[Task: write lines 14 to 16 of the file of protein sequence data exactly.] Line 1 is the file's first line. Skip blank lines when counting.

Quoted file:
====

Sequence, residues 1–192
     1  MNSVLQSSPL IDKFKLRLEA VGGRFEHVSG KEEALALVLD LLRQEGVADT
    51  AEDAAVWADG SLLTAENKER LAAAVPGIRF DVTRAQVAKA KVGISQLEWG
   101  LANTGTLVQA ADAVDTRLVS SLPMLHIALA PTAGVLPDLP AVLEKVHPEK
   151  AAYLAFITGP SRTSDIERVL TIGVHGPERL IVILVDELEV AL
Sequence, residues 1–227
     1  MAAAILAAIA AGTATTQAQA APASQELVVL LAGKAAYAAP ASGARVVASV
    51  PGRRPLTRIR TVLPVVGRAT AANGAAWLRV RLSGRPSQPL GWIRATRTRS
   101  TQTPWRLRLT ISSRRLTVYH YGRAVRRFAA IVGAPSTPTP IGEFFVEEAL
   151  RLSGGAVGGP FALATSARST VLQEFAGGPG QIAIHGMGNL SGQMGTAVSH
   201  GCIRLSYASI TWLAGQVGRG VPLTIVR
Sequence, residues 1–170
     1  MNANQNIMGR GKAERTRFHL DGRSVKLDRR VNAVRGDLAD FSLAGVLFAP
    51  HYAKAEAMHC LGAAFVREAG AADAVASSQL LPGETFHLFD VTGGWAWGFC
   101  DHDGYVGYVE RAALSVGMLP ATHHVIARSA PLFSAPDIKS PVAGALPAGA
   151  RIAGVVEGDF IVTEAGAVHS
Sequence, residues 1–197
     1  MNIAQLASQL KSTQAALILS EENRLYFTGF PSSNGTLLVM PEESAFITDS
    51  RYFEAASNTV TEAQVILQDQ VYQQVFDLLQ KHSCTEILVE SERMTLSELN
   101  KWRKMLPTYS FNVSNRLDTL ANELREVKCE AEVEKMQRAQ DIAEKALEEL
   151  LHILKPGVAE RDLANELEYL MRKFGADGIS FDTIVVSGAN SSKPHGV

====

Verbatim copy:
    51  HYAKAEAMHC LGAAFVREAG AADAVASSQL LPGETFHLFD VTGGWAWGFC
   101  DHDGYVGYVE RAALSVGMLP ATHHVIARSA PLFSAPDIKS PVAGALPAGA
   151  RIAGVVEGDF IVTEAGAVHS